In the history of Christianity, at several religious communities have been labeled as Adamites because of their adoption of nudism as a way to imitate the innocence of the biblical Adam and Eve. One group of these Adamite communities was written about by Saint Augustine (c. 354-450), but this ancient group, like other fringe sects of the day, was suffocated by the growing power and influence of the Roman Church. Around a millennia later, however, another group of Adamites was born that shared many of the same qualities as their ancient predecessors.
In 1415, a critic of the Catholic Church and a supporter of church reform named Jan Hus was burned at the stake for his beliefs. Instead of extinguishing his ideas, the execution of Jan Hus riled up a massive Hussite movement in the Czech-populated regions. The Hussites, however, were not homogenous in their beliefs and actions. At least three major factions (Taborites, Utraquists and Orebites) divided the Hussite population. The 15th-century Adamites were among these Hussites and, originally, could be found as a subgroup with the Taborites.
In 1421, the Adamite leader, Peter Kanis, was expelled from the Taborite community. With a few hundred followers, Kanis left the Taborites and set up his own community. Like the ancient Adamites, Peter Kanis and his disciples allegedly shed their clothes, imitating the biblical Adam and Eve in the Garden of Eden. As almost all information about these 15th-century Adamites was recorded by their enemies, it is difficult to obtain a fair view of how Peter Kanis and his followers behaved. Nonetheless, as their critics told it, the Adamites were not only nudists, but debauched fiends engaged in irreligious orgies. Rumor and libel, however, always runs rampant between groups that do not understand each other.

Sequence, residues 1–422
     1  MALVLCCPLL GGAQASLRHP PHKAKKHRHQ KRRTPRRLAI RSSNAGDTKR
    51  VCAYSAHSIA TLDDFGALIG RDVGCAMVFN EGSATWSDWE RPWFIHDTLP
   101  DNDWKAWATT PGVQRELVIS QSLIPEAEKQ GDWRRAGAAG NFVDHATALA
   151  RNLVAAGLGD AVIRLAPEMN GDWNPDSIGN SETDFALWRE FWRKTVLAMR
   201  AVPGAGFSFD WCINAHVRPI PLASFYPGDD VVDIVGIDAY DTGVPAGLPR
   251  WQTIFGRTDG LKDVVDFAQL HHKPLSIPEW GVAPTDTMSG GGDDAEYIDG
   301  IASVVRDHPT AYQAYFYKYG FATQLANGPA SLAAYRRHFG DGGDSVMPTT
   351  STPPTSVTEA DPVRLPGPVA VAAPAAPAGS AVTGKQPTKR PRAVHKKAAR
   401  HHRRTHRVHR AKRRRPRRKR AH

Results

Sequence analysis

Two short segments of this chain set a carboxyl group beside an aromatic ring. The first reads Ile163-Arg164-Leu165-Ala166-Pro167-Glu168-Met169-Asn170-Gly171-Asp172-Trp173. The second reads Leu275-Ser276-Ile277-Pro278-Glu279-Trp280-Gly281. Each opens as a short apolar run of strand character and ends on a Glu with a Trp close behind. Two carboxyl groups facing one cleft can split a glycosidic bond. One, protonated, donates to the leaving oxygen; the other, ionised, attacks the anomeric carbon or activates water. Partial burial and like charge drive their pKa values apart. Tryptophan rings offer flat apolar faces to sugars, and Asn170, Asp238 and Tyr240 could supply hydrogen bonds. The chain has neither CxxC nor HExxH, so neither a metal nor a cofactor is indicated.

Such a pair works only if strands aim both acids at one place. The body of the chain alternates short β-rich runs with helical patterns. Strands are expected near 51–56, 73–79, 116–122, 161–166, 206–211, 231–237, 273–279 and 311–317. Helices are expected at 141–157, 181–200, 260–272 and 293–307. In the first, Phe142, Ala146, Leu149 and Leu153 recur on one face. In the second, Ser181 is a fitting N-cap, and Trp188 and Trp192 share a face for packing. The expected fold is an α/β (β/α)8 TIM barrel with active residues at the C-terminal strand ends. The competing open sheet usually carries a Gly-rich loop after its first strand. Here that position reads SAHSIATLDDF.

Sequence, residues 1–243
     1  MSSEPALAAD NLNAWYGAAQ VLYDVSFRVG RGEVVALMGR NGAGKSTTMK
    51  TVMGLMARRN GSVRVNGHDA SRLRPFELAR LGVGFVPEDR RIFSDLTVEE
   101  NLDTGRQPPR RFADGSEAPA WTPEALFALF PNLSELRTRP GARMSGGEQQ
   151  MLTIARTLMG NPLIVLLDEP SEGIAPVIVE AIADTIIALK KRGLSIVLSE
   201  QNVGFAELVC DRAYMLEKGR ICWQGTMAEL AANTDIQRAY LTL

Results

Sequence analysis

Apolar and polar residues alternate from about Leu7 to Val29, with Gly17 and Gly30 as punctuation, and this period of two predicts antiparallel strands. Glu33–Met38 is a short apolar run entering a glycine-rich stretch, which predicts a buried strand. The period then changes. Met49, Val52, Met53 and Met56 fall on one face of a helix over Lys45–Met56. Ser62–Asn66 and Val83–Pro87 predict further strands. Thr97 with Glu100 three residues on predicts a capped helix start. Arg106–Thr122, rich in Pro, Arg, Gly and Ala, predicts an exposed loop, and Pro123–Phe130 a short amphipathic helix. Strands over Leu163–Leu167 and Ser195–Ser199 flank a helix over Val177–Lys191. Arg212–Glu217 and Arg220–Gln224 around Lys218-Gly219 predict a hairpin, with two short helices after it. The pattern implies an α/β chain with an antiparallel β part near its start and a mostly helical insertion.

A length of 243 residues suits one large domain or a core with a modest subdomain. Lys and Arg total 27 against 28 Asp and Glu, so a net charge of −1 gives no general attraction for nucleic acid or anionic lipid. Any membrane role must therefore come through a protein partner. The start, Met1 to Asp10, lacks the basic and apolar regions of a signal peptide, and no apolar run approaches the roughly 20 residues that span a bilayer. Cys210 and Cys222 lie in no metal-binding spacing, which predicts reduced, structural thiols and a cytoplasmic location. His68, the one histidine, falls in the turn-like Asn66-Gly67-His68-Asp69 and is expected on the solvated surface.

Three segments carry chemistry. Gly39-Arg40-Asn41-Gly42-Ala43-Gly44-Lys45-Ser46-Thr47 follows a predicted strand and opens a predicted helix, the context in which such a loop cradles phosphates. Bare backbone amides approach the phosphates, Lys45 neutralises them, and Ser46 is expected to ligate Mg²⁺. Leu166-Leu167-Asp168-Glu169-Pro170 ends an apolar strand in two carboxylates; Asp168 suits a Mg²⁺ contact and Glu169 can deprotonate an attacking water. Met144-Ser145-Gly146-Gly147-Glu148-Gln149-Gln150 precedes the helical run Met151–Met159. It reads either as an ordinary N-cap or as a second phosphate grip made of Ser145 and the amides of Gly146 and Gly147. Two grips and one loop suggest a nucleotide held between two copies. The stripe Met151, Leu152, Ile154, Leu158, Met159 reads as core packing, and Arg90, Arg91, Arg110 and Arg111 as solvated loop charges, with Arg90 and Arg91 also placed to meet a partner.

Whatever the truth may have been, the Taborites despised the Adamites. In less than a year after Peter Kanis and his followers had departed to found their own community, the Taborites launched a devastating attack on the Adamites, resulting in the most influential members of the movement being captured and executed by burning. Although some Adamites could still be found roaming the Czech lands after the Taborite attack, the loss of Peter Kanis and other leaders caused the movement to eventually fizzle out.
Written by C. Keith Hansley.
Picture Attribution: (Print against Adamites, produced c. 1535, [Public Domain] via picryl.com and Creative Commons).